At one month of the withdrawal timeline, you’ll still suffer from mental health symptoms like depression. But just because most of your withdrawal symptoms are gone, this doesn’t mean that your recovery journey is over.

Instead, now is when your cravings will be most intense. You won’t be distracted by all the physical symptoms anymore. Even though you’ve made it a month without using Suboxone, you’ll still be at risk of relapsing.

This state of intense cravings can last for several more months.

symptoms of suboxone detox

Abuse facts  |  Withdrawal symptoms  |  Withdrawal timeline  |  Back to top

So, now that you know what withdrawal symptoms you can expect, how exactly will you deal with them?

The number one solution to help you conquer withdrawal symptoms and stay sober is to seek addiction treatment. Addiction professionals deal with people like you every day, so they know how to help ease the pain of withdrawal.

There are many different types of programs they can recommend depending on your personality. For example, you may benefit from a 12-step approach to addiction recovery. Or, you may benefit from a more non-traditional recovery plan, such as yoga addiction treatment.

The key to a successful recovery is finding a program that works for you. Not every plan is one-size-fits-all, that’s why it’s important to seek professional help.

Creating a Long-Term Treatment Plan

If you’re seeking a nonmedicated detox, a long-term treatment plan will be the ultimate step towards sobriety. You can’t expect your addiction and cravings to disappear after a few months of treatment. Instead, your recovery is something that you’ll have to work towards every day.

Your long-term plan begins when you exit your rehab or addiction treatment program. This plan outlines the steps you will take on your own to help remain sober.

Common long-term treatment plan steps include:

  • Support group attendance
  • Seeking help for underlying mental health issues
  • Engaging in holistic therapies

In addition, you’ll want a worst-case scenario plan. If you find yourself about ready to relapse, you need steps you can take to counteract the cravings. This could include calling a helpline, alerting a friend or family member, or making an emergency visit to an addiction specialist.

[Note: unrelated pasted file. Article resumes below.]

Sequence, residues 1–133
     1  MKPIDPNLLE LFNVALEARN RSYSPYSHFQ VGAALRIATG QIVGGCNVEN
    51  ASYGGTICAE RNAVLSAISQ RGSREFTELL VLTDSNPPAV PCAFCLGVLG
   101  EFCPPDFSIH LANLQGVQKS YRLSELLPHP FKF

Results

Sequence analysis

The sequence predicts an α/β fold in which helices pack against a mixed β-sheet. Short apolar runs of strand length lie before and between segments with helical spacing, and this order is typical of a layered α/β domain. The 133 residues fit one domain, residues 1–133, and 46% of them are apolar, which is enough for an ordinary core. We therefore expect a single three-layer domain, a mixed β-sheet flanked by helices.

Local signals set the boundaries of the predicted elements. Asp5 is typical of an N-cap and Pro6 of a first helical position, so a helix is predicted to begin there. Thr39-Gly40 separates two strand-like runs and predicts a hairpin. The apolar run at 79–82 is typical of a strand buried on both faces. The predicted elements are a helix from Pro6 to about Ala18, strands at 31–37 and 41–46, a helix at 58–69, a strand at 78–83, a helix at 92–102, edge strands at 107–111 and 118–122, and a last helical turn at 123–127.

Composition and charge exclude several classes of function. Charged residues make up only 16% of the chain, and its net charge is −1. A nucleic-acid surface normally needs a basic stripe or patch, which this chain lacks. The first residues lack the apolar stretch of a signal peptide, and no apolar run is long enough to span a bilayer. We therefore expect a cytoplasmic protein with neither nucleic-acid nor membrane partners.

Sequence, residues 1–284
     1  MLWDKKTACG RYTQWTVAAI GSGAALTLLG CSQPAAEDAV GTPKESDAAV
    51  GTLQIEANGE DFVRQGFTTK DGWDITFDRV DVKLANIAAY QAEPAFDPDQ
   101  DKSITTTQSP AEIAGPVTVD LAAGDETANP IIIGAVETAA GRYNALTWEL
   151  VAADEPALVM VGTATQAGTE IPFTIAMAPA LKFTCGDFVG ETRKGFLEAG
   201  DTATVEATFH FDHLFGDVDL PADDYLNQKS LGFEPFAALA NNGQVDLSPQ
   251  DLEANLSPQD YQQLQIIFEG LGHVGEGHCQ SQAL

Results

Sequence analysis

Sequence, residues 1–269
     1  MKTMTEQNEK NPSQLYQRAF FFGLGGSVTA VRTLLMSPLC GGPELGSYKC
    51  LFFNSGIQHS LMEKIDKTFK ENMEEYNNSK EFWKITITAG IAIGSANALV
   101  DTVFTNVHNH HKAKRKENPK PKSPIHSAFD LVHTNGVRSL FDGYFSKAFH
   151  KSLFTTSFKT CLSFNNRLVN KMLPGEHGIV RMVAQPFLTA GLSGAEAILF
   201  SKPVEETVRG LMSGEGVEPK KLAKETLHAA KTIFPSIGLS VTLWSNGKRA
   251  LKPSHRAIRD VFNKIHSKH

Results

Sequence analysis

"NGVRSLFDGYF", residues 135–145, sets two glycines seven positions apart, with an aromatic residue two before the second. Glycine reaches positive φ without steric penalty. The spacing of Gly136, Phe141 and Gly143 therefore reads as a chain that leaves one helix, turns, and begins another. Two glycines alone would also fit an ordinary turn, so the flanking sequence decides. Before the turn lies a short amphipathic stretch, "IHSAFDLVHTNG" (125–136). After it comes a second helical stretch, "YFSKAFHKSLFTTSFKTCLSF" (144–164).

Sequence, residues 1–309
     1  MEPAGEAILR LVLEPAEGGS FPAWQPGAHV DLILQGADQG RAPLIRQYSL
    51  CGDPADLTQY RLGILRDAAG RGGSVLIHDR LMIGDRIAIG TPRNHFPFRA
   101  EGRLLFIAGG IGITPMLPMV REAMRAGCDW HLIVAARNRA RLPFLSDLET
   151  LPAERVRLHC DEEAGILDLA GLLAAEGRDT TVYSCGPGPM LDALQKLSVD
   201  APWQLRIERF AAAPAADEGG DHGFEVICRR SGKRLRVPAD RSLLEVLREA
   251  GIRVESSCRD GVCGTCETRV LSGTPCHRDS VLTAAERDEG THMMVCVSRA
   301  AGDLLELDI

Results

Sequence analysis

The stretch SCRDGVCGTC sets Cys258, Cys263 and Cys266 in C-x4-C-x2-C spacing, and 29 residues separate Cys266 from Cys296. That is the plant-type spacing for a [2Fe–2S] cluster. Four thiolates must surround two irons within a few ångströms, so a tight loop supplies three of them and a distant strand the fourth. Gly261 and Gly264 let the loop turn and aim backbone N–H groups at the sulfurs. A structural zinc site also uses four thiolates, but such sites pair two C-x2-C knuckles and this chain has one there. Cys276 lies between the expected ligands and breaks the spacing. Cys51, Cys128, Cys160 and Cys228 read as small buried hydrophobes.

Seek Help With Your Recovery Journey Today

After reading this article, you now have a clear understanding of the suboxone withdrawal timeline and how to combat these symptoms.

If you’re struggling with suboxone addiction, there is a way out. Not everyone who takes suboxone to help with opioid addiction has to struggle with Suboxone as well. Use Suboxone to help with your initial opioid detox, then under professional guidance, taper off from Suboxone.

If you find yourself struggling with your addiction recovery journey, don’t hesitate to seek help. Contact Addiction Detox today to find a detox center that’s right for you.


Medically Reviewed: September 25, 2019

Dr Ashley

Medical Reviewer

Chief Editor


All of the information on this page has been reviewed and verified by a certified addiction professional.

Dr Ashley Murray obtained her MBBCh Cum Laude in 2016. She currently practices in the public domain in South Africa. She has an interest in medical writing and has a keen interest in evidence-based medicine.

All of the information on this page has been reviewed and verified by a certified addiction professional.

Detoxification & Withdrawal Guide for Suboxone.

Written By Jeff Mahre BA MFA MLIS - January 12th, 2017

Suboxone is safe when used correctly. However, if you or a loved one have been abusing the drug, you may need help from a Suboxone detox near you.